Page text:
Australian university to release student course evaluation data

An Australian university has been given the green light to release student course evaluation data, despite fears the information could be used to “reverse engineer” staff rankings.

UNSW Sydney has successfully appealed a ruling by Australia’s industrial relations arbiter, the Fair Work Commission (FWC), barring it from giving students broad access to data compiled from quantitative course assessments.

Information includes student ratings of course quality, resources, rating, and feedback on a six-point scale. UNSW says it does not intend to publish students’ qualitative feedback on the courses or their evaluations of teachers.

The university plans to publish only quantitative data on courses that involve more than one teacher – so that individual staff cannot be directly identified – and where at least 10 responses have been received, so that outliers cannot be assessed. not unduly influence the data.

But the National Union for Higher Education (NTEU) said the information allowed individual staff to be identified by academics from the same discipline or school and – in cases where courses were taught by pairs of tenured staff and occasional – by scholars from across the university.

“This is a public university, not a reality TV show,” the union’s New South Wales branch tweeted on the eve of an FWC hearing in August.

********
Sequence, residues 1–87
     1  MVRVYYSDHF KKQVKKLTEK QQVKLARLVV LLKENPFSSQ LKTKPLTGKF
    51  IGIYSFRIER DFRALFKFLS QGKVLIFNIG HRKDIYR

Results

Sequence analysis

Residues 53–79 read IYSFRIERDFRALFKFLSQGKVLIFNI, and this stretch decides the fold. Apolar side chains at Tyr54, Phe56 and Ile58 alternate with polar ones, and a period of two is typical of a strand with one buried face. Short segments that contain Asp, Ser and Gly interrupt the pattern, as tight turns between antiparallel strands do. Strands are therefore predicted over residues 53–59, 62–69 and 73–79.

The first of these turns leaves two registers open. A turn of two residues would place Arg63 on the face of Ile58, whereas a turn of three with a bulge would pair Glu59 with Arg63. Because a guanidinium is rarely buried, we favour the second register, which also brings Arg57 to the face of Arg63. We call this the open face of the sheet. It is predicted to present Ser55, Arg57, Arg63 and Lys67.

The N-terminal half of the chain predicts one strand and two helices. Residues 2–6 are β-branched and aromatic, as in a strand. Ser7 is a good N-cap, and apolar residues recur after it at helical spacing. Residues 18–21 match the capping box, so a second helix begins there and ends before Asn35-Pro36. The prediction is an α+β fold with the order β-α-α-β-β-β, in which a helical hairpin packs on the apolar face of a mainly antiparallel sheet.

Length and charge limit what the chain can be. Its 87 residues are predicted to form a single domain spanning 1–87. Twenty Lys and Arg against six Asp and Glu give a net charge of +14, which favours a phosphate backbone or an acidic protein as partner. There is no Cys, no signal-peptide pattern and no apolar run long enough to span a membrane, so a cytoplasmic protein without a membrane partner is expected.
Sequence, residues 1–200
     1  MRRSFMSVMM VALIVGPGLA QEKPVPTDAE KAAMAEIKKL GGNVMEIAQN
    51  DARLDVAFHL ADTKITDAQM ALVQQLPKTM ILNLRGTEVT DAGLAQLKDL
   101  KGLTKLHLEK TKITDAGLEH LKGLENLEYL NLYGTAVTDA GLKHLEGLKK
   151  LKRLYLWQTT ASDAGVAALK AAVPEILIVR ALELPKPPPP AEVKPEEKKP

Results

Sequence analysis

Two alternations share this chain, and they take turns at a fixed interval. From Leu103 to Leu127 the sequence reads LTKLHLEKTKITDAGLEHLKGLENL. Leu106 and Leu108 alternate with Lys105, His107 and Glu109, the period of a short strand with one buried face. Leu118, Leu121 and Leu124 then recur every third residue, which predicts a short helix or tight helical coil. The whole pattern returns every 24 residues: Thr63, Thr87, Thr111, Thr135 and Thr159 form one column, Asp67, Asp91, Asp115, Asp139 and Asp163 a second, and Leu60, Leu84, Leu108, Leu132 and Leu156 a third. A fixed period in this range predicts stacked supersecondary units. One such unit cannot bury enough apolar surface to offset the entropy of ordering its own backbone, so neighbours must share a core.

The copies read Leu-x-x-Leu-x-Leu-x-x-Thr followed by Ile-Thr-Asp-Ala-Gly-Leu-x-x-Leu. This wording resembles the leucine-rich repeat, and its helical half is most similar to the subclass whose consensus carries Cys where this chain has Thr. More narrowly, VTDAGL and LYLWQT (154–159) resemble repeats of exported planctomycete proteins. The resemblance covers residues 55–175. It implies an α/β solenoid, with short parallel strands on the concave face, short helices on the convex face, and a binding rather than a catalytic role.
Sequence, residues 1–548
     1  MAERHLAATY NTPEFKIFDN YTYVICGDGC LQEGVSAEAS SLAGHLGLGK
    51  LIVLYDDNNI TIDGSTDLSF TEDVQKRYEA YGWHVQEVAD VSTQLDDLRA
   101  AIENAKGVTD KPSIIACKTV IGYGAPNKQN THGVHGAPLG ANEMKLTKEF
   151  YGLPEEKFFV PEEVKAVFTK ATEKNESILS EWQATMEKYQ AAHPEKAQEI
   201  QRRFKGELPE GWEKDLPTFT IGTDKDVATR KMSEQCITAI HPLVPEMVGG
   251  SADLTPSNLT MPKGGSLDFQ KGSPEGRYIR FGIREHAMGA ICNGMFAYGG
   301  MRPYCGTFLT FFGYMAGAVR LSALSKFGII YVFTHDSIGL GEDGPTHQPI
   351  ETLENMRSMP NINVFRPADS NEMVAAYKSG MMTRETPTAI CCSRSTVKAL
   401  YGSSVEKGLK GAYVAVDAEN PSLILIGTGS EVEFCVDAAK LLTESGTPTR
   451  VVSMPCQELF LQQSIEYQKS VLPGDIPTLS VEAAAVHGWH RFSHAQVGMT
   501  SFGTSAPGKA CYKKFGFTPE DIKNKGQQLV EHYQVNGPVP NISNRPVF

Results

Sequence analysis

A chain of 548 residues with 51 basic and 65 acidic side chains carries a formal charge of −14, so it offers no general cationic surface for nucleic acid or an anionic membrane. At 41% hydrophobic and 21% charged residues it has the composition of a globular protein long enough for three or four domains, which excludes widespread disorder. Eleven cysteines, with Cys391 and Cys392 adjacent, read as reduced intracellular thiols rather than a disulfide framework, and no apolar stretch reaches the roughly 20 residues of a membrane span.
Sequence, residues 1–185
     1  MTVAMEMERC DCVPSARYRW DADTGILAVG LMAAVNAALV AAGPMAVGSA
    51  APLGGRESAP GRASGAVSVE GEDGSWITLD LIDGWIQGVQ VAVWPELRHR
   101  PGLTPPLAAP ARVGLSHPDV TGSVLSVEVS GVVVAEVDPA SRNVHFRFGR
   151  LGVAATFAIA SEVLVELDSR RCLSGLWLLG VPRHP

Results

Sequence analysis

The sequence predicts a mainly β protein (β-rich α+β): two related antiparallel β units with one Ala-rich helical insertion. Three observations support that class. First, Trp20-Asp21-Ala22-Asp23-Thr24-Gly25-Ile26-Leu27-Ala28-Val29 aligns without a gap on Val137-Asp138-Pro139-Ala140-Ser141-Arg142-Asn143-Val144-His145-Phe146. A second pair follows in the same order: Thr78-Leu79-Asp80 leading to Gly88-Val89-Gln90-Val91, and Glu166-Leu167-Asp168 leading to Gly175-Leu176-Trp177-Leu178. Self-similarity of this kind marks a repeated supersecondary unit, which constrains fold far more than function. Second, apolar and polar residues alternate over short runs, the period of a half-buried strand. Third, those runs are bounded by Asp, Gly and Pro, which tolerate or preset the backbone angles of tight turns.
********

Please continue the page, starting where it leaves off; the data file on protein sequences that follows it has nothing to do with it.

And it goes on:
FWC Commissioner Leigh Johns sided with the union. He dismissed the university’s argument that the release of the data did not directly identify staff because “detective work and extra effort” was needed to match courses to faculty.

But an FWC appeals panel overturned that decision, finding the university’s plans complied with a strict reading of the enterprise agreement.

“We accept that in some cases a person can be identified without being named,” the March 7 judgment reads. “A reference to [an] The attribute could identify the person, although the person’s name might not be used. But the proposed form of data to be published simply does not. No staff member is identified.

UNSW believes that releasing the data will convince students that their feedback is “considered and used”, further encouraging them to complete course evaluation surveys and improving response rates and accuracy of questionnaires. “Our students… take such care in providing all of this feedback,” Deputy Vice Chancellor Merlin Crossley said.

“It gives us the opportunity to celebrate and showcase many courses that provide an exceptional student experience, and to work with staff to develop courses that still need work.”

But NTEU Secretary of State Damien Cahill said the “very disappointing” decision potentially sent a signal to officials at other universities who “want to use these surveys as performance measures”.

Dr Cahill said student assessments were useful for teacher and course development when ‘framed and conducted’ correctly. “But there is a lot of scholarly literature on… inherent gender and racial biases [and] limits depending on the context. Whether a class is online, the time of day, the room it took place in, the dynamics of the student cohort – all of these situational factors play a role in determining the outcome of these assessments.

In the latest such study, published in the Journal of Academic Teaching and Learning Practices, a Victoria University analysis of more than 22,000 student teaching ratings found no difference in ratings given to the gender of teachers. But comments from male students about the teaching style of female academics have become increasingly negative during the Covid-related shutdowns.

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